Tax and Superannuation Update - Spring 2000 Edition
Revenge is sweet.
25 years ago my Dad left Mum for another woman. Mum said it wouldn’t last but
Dad eventually married her. Dad paid maintenance for us, but Mum said that it
wasn’t enough to bring up 3 children. Dad kept in contact with us over the
years. I love my Dad, but I only put up with Her for his sake.
Dad died a few months ago. Mum said “I bet he left everything to her in his
Will”. A few weeks later I received a letter from Dad’s 2nd wife’s solicitor
asking that I consent to “Letters of Administration” being granted to my Dad’s
wife. I rang my Adviser who put me in touch with a Lawyer. Apparently an
application for Letters of Administration only occurs because Dad left no Will.
This means that Dad’s 2nd wife is applying for the right to administer my Dad’s
estate according to law. Apparently, she is only entitled to the first $50,000
of Dad’s estate plus 1/3rd of what is left.
Dad was not a rich man. He owned the house that he and his wife lived in, in his
own name. Dad owned nothing else of value. The house was valued at $350,000.
This means that Dad’s wife has to either find $200,000 to pay us our share of
the property or find somewhere else to live once the house is sold.
My Dad’s wife is now 60 years old and does not work. I hope she likes house
Does this scenario sound familiar? We encounter it all too often. Your death, is
one of the most traumatic periods your loved ones will experience. Dying without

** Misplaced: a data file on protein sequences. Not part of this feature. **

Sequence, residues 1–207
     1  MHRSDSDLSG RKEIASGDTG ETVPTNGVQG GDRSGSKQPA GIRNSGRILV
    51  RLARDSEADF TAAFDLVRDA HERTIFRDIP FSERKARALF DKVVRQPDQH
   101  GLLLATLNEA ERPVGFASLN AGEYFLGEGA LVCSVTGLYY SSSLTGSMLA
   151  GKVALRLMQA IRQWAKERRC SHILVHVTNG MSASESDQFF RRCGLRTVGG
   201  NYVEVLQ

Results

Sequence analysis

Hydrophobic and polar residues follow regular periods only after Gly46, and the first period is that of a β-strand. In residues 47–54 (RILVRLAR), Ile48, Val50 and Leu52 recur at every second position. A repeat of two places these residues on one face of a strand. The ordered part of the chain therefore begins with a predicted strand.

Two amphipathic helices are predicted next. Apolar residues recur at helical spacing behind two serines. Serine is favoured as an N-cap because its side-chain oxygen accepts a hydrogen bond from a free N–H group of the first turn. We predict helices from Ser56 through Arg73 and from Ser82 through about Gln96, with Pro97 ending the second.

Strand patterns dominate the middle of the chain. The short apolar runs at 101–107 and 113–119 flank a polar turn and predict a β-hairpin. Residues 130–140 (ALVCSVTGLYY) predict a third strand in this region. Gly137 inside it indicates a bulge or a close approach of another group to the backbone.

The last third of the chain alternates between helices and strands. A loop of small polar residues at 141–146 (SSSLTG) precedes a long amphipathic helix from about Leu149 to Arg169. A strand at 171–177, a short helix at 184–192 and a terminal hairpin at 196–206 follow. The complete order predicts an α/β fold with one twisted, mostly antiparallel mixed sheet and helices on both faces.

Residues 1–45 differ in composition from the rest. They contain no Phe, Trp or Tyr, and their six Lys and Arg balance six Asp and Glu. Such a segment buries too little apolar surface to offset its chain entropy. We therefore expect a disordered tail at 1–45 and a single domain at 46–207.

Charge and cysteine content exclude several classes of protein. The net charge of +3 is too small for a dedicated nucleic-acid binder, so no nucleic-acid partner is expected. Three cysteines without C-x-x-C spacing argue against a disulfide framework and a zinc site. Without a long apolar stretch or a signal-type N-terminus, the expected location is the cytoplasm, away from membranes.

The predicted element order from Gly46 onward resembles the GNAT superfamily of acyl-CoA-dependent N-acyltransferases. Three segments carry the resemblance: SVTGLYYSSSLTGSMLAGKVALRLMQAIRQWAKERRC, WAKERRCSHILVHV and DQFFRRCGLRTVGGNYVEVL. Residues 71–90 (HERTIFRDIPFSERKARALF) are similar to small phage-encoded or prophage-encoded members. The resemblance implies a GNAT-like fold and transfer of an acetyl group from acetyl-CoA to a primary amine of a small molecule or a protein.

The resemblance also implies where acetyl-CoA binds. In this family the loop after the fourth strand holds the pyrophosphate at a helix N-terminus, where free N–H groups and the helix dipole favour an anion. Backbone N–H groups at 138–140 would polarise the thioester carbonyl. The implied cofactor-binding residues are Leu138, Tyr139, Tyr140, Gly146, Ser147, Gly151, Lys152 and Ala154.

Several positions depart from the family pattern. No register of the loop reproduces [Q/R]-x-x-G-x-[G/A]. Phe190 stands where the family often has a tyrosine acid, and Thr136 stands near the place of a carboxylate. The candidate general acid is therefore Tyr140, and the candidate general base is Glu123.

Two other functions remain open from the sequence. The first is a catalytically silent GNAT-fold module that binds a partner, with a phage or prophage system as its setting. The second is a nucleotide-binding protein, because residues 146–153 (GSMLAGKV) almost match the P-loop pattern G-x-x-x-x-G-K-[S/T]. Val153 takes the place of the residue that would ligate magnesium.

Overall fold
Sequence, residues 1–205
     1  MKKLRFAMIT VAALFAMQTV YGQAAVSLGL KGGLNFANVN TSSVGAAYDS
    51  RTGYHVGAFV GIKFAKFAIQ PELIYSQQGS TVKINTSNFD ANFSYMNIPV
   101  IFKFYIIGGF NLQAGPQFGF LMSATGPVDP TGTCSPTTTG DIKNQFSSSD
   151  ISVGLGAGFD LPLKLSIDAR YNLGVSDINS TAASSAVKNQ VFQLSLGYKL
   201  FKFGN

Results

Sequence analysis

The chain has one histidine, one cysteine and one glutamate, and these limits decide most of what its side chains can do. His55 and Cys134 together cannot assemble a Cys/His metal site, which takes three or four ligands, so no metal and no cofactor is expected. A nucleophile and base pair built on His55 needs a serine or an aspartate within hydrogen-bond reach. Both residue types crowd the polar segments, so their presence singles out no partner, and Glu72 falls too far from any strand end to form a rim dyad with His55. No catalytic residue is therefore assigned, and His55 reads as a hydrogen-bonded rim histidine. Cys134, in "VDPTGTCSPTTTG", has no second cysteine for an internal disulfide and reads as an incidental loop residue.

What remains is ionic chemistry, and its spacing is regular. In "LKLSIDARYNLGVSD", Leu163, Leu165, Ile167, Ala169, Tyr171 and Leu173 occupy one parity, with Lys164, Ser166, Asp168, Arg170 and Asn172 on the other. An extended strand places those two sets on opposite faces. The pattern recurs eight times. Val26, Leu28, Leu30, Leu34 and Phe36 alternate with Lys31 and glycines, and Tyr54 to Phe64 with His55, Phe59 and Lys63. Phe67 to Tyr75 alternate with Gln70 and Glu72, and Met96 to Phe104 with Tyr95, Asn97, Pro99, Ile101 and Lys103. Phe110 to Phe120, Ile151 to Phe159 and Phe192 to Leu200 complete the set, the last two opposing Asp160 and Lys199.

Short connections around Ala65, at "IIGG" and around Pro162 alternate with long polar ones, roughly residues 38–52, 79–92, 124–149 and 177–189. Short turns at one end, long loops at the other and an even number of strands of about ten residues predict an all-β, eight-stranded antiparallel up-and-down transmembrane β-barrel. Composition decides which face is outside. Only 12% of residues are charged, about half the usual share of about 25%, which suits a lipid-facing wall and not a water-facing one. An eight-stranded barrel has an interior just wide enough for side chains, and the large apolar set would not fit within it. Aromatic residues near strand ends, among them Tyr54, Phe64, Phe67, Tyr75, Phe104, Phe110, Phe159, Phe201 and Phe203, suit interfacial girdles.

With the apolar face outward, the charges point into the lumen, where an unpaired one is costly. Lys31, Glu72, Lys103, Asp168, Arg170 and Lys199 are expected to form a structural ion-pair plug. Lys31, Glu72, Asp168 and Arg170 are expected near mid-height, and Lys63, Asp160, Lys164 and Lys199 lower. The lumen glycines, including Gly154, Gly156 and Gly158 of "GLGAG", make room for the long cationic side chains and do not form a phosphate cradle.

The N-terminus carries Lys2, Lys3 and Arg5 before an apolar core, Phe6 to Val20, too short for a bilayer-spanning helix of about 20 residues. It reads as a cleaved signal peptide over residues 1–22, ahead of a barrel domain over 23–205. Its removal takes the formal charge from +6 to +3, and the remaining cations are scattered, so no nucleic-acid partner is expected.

a valid Will, only makes this time harder.
An effective well drafted Will is one of the best ways for you to ensure your
loved ones are provided for after you die. However, if you want to make sure
your loved ones are provided for in the most tax effective manner, then get a 3
Generation Testamentary Trust Will individually drafted to suit your
beneficiaries’ needs. For more information on Estate Planning and 3 Generation
Testamentary Trusts see
He cheated on her yet his Family Trust got everything! - The Family Court’s
new love child!
The two biggest times to tax plan are Divorce and Death. Accountants, Advisers
and Tax Lawyers get plenty of work in Estate Planning. However, mum and dad
don’t seem to care much about saving tax at the time of a family break down.
This is sad. There are a lot of tax loop holes for husbands and wives in the
transfer of assets. Even without a divorce you can move assets from husband to
wife without triggering Capital Gains Tax. You also don’t have to pay Stamp
Duty. (You need a deed or a court order under the Family Law rules first.)
Recently the Victorian Supreme Court went even further. The Court transferred
the family home to not the husband but to his Family Trust! In my 20
years as a lawyer I have never seen this before.
the stamps man come down on you?
The real estate was therefore available
beneficially to many people - not just the husband. The husband “controlled” the
asset in the Family Trust. For tax purposes he didn't “own” the asset. “Control”
of an asset is generally better than “owning” an asset in Australia. The
Commissioner of State Revenue was stunned. He wanted Stamp Duty on the transfer.
It didn’t look right to the Stamp Duty man. He assessed the transfer as a full
The Trustee of the Family Trust went to war. The Trustee claimed the transfer
was exempt under the family break down provisions of the relevant Stamp Act.
Justice prevailed. The Court held that the Commissioner couldn’t have any Stamp
The facts differ from the usual situation. Usually mum and dad at war are trying
to dismantle a Family Trust. The Capital Gains Tax legislation and local Stamp
Acts in each state focus on transfers to mum and dad themselves - not to
their Family Trusts.
So what does it all mean? It may now be possible to use the Federal and State